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Phone calls are a simple way to stay connected.

How to maintain your relationships during a pandemic

With stay-at-home orders in place, it can be difficult to keep a decent social life.

GREENSBURG, Pa.— Quarantine is in full effect and with it comes the task of social distancing.

According to a March 30 study by the CDC, people should maintain a distance of at least six feet from others and stay out of crowded places to help prevent the spread of COVID-19, the disease caused by the novel coronavirus.

However, complete and total social isolation isn’t healthy or recommended, according to mental health professionals such as Amy Sullivan.

“We should be creating ways to stay connected or inventing something interesting or fun right now to be creative,” says Sullivan, health psychologist, in a March 24 Cleveland Clinic article.

Here are some creative ways for you to stay connected to friends and family during this quarantine.

One of the most simple ways to maintain social relationships from a distance is with a text or phone call.

“I feel like I’ve sent more messages to my friends during this quarantine than all of last semester,” wrote Sara Steeves, a freshman and animation major at JU in a text message exchange.

If simply shooting a text or picking up the phone isn’t enough, try Group FaceTime, Skype, or Zoom to see your friends and family’s faces. FaceTime is available to any group in which members have iPhones, while Skype and Zoom are available on either iOS or android.

Currently, Zoom is under scrutiny after several security concerns have been raised and a class action lawsuit was filed, according to an April 2 Vox article. Despite this, it has become a popular app for videoconferencing for both educational and professional uses.

Another way to stay connected is by streaming shows and movies together. With Netflix Party, a Google Chrome extension, you can simultaneously watch movies and shows with friends and family.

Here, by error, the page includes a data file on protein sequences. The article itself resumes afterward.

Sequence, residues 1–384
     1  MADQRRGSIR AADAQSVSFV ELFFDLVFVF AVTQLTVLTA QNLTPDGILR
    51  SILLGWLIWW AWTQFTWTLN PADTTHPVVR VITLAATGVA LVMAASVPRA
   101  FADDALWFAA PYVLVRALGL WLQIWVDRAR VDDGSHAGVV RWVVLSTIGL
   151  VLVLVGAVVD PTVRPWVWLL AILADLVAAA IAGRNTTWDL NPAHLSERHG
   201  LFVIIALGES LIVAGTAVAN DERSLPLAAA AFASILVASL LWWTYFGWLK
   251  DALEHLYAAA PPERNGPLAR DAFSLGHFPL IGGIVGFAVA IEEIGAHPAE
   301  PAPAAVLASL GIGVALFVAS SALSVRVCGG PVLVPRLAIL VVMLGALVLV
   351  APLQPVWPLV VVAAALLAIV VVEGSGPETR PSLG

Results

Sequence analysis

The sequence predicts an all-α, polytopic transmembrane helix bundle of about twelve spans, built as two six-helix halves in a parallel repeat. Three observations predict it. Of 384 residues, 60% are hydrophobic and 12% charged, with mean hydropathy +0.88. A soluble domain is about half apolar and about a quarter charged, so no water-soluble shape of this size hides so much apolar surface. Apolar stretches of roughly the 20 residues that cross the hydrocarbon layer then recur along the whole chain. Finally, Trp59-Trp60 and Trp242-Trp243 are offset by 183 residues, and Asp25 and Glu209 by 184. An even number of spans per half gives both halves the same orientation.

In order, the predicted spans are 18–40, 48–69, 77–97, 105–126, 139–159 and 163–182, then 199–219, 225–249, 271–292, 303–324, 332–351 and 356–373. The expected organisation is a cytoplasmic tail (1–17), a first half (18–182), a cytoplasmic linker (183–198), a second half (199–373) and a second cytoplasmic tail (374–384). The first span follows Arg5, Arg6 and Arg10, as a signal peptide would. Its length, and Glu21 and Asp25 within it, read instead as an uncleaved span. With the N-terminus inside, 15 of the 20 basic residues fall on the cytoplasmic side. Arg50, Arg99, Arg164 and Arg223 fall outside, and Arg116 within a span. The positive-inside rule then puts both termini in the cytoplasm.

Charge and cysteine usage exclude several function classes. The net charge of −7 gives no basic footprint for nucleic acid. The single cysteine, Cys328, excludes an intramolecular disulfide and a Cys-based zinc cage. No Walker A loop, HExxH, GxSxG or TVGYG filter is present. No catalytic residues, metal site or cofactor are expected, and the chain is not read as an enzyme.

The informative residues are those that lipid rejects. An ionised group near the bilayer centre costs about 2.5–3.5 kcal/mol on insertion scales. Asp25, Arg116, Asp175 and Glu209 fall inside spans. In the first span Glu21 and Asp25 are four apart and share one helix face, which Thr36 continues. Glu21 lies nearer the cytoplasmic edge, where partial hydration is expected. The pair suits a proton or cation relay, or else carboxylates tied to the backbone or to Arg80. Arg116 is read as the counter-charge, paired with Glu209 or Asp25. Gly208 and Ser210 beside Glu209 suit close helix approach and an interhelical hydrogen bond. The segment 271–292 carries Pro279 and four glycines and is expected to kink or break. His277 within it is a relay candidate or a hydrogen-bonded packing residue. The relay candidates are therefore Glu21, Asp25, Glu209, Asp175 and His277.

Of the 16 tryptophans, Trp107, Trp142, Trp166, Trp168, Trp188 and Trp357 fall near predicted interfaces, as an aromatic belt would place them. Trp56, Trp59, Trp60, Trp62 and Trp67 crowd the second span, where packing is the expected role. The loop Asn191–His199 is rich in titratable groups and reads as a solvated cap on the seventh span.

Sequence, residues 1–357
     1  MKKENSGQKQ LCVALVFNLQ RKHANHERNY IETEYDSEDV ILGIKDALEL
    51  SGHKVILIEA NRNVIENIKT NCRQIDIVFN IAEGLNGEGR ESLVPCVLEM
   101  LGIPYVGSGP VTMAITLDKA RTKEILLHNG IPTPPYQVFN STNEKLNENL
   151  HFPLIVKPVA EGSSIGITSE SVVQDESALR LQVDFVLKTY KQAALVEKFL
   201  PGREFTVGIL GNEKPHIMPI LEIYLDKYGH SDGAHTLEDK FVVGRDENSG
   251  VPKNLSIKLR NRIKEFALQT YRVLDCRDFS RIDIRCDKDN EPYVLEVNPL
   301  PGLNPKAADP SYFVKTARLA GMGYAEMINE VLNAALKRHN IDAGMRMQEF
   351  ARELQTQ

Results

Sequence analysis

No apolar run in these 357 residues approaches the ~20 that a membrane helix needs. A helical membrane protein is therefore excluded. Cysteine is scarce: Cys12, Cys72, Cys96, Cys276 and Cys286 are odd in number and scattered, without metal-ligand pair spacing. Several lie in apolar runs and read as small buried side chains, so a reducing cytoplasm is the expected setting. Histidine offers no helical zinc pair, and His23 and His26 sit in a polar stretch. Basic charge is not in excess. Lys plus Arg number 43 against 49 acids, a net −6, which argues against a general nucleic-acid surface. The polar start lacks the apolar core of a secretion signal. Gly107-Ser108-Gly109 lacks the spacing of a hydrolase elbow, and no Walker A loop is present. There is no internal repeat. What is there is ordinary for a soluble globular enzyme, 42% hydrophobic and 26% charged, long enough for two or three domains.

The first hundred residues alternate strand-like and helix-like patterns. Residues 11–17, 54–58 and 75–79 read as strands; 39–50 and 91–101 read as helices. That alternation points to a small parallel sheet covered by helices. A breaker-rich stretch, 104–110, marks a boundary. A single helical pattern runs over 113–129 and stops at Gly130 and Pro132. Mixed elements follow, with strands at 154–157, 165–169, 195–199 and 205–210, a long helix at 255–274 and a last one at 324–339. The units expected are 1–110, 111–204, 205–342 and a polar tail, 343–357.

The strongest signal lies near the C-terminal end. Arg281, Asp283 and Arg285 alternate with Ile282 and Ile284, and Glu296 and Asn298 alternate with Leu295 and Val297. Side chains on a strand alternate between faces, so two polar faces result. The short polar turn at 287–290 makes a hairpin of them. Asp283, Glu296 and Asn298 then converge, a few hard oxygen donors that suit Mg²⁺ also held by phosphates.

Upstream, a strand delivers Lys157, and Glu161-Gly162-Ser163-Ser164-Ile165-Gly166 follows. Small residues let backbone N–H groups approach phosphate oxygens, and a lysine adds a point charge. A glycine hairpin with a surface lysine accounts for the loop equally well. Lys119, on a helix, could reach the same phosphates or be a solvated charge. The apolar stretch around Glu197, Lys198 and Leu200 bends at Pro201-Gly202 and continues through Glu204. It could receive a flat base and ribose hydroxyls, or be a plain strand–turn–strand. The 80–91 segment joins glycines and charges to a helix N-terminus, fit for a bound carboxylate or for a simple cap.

“I love that we can all still binge watch our shows together instead of watching it alone and feeling guilty about watching ahead,” said Alina Ramirez, a sophomore and marine science major at JU via an email exchange. “The feeling of togetherness makes me feel better about what’s going on in the world.”

If the isolation from being in quarantine is too much then maybe it’s time for a good laugh. Tell some friends to download the app Evil Apples vs. Humanity, a virtual adult card game inspired by Cards Against Humanity. Connect with at least three of your friends by messaging the game code to start the game.

“That game had me dying, it was so much fun,” wrote Caitlin Morales, a freshman and musical theatre major at JU via a text message exchange. “It definitely helped take my mind off of stress from school and being cooped up inside my house.”

Another app that helps people connect with each other is Houseparty. You can video chat with friends and family and play games at the same time. Playing games with friends and family even while miles apart can create an enjoyable moment during a serious time.

While these suggestions are only a supplement to in-person socialization, they can help prevent social isolation.

“Humans are social creatures by nature, so use the tools you have to see a loved one’s face, to share stories, to let them know you’re thinking of them,” said Michael Craig Miller, assistant professor of psychiatry at Harvard Medical School in a March 25 Harvard Health Publishing article. “It’s corny, but share the love you have for another person. Odds are, you’ll both feel better.”

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